By Sean Speer, Oct. 28, 2016
Finance Minister Bill Morneau will soon release the government’s Fall Economic Statement and the expectation is for more stimulus spending and higher deficits. The surrounding debate in Ottawa has been mostly focused on “how” and “what” of deficit spending and insufficiently on “why” and “when.” One increasingly gets the sense that theory and evidence are being subordinated by an impulse to borrow and spend.
The risk is that the adjective “extraordinary” is dropped from our conception of fiscal stimulus altogether and budgetary deficits are once again normalized. Outlays exceeding revenues becomes the default instead of the exception. Real trade-offs between the short- and long-term are neglected. And we end up with more red ink and little to show for it save for more debt and higher taxes over the long-term.
The government’s update is bound to show deteriorating economic conditions and in turn a worsening fiscal picture. New estimates from TD Economics cut economic growth by $148 billion over the next five years and anticipate another $23 billion in accumulated federal deficits over same timeframe. Yet this disappointing news has done seemingly nothing to diminish Ottawa’s proclivity for stimulus spending.
Quite the contrary. Reports are the government is now committed to using even larger budgetary deficits to stimulate economic growth. Fortunately for the minister there’s no shortage of ideas about how and on what he should be spending. Attend a pre-budget consultation of the parliamentary finance committee and one will hear countless ideas for new spending based on “economic impact” analysis and the power of the multiplier effect. Just “invest” in company X or industry Y and the rate of return will be three-, four-, five-fold, or more. If only it were that easy.
One increasingly gets the sense that theory and evidence are being subordinated by an impulse to borrow and spend.
This focus on how and on what Ottawa should spend subverts more fundamental questions about why and when deficit spending is an appropriate fiscal policy response.
Short-term stimulus spending is far from costless. A large body of economic research shows that there are long-term costs that should be weighed against possible short-term gains. We may make the judgement that it’s worth it to reduce future generations’ prosperity somewhat to mitigate economic hardship present today. But we need to recognize that this is what we’re doing.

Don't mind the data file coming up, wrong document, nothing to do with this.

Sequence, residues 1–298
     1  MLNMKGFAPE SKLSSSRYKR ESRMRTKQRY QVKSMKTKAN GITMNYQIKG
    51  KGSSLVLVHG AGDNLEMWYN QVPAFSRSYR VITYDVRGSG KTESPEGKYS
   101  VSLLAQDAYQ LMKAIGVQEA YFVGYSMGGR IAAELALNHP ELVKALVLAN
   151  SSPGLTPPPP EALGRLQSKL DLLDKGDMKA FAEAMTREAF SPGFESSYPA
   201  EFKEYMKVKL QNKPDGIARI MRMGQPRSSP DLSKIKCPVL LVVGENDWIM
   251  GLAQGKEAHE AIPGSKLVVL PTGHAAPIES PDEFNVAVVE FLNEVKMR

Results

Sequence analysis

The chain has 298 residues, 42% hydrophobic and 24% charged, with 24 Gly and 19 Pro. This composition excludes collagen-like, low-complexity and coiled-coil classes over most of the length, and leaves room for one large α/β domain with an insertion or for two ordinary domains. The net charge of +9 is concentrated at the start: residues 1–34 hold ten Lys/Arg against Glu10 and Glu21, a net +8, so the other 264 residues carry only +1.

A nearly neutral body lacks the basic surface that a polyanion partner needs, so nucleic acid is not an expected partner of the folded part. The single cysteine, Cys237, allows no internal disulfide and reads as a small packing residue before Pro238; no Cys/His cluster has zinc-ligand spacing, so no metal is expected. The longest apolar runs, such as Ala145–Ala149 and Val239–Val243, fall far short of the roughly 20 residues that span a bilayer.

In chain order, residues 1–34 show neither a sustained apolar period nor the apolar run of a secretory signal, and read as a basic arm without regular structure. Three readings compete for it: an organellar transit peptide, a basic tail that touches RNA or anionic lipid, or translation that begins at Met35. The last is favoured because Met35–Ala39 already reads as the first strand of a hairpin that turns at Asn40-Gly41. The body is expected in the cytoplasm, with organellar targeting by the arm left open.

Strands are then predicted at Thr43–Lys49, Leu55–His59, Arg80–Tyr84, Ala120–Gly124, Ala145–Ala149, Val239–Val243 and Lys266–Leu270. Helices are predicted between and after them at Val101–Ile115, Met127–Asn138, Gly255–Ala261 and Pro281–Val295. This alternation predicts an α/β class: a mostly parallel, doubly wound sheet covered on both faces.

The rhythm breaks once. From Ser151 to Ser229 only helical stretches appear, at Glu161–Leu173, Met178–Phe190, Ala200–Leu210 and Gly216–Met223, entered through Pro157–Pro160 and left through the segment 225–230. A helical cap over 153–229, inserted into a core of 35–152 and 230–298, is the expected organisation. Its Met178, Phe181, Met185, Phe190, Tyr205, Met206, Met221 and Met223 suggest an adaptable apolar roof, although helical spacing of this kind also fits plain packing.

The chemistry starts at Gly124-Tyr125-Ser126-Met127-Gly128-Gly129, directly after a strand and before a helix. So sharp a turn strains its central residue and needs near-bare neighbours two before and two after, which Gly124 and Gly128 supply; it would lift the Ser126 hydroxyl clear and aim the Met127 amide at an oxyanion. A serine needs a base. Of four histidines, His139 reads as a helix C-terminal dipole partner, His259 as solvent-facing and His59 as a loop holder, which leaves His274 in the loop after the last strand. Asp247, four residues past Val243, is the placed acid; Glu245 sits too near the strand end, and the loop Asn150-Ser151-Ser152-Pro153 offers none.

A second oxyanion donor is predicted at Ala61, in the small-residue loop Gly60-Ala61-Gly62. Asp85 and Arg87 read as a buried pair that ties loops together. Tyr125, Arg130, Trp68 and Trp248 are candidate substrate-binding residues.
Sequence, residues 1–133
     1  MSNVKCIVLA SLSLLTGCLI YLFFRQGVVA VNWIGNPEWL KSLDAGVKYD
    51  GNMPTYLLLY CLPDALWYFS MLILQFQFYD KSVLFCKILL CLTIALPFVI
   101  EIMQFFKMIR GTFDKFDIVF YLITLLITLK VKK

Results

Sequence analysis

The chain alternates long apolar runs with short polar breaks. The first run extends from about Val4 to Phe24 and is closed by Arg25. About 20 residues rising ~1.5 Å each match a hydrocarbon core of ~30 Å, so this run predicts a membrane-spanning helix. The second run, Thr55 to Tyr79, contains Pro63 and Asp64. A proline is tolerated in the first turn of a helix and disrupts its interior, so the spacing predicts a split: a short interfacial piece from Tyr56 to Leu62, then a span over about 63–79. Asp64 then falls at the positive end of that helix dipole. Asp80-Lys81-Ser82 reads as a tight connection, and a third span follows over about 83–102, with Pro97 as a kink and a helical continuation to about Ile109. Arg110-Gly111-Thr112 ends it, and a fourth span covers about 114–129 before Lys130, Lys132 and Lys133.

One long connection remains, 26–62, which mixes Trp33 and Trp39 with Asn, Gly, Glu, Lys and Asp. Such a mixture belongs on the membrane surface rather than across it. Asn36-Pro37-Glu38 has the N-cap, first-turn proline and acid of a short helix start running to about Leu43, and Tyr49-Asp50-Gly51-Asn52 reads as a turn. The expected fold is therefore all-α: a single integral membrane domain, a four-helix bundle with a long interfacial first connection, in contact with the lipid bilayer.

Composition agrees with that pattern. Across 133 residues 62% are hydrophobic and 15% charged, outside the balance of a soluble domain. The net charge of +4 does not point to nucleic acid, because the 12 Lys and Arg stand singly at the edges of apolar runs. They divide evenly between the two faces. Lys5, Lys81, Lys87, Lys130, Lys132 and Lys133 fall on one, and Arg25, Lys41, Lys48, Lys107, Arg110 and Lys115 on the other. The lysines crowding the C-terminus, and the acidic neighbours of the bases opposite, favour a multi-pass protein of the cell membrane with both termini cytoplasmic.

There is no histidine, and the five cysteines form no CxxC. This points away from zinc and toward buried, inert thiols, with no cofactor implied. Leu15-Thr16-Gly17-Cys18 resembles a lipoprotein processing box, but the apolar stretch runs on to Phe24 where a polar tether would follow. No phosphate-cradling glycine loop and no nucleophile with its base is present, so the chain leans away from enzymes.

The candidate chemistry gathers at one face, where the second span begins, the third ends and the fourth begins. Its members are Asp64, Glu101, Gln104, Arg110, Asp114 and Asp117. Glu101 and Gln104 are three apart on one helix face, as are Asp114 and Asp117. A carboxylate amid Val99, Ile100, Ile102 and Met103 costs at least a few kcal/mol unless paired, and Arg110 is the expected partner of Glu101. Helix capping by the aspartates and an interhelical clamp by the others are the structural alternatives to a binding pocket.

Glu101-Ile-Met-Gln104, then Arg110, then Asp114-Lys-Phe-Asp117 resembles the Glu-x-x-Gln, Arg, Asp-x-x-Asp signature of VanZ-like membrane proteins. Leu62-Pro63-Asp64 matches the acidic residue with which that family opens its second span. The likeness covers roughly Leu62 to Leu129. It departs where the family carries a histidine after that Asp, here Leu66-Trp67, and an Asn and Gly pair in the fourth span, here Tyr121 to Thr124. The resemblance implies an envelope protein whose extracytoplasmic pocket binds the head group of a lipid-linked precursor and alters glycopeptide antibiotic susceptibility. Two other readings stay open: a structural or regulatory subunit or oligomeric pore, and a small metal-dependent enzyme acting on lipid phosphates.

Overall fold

There’s no “free lunch” in other words. That’s why fiscal stimulus should be “extraordinary.” The onus should be on those who advocate for deficit financing to make the case that the trade-offs are worth it and that the long-term risks will be minimized.
There’s been no such debate here in Canada. The tension between short- and long-term objectives has been minified. “Strategic investments” by the government have become the answer to the country’s challenges. The multiplier will solve everything, including Ottawa’s rising and protracted budgetary deficit. If only it were that easy indeed.
As part of his economic and fiscal update, Minister Morneau should codify a clear set of principles to guide Ottawa’s fiscal policy. These so-called “fiscal rules” would focus on the “why” and when” of stimulus spending and incorporate clear benchmarks for eliminating the current budgetary deficit.
The test should focus on the national economy rather than regional differences, and a sustained downturn rather than a short-term economic adjustment. Slowed growth is different from a major economic contraction as we experienced in 2008 and 2009, and the fiscal policy response should therefore be different. Calls for more fiscal stimulus every time global markets fluctuate or growth projections are revised downward risks intellectualizing irresponsibility.
The onus should be on those who advocate for deficit financing to make the case that the trade-offs are worth it and that the long-term risks will be minimized.
The goal should be to restore the baseline assumption that the government should impose the taxes needed to pay for services it proposes to provide. Deviations from this baseline can be permitted where circumstances warrant but the onus should then be on the government to justify its decision and plan for returning to balance as soon as practical. “Extraordinary” should mean extraordinary.
Such fiscal rules would not help the government manage short- and long-term trade-offs, they can support the role of Parliament in scrutinizing fiscal policy in general and specific spending proposals in particular. New spending can be weighed against current spending and the relative merits can be judged. The budget process can thus become less transactional and more focused on big-picture questions about the long-term conditions for economic growth and rising living standards.
Minister Morneau’s upcoming Fall Economic Statement represents an opportunity to shift the current fiscal policy debate from dollars to sense. It’s time to get back to basics.
Sean Speer is a Munk senior fellow at the Macdonald-Laurier Institute.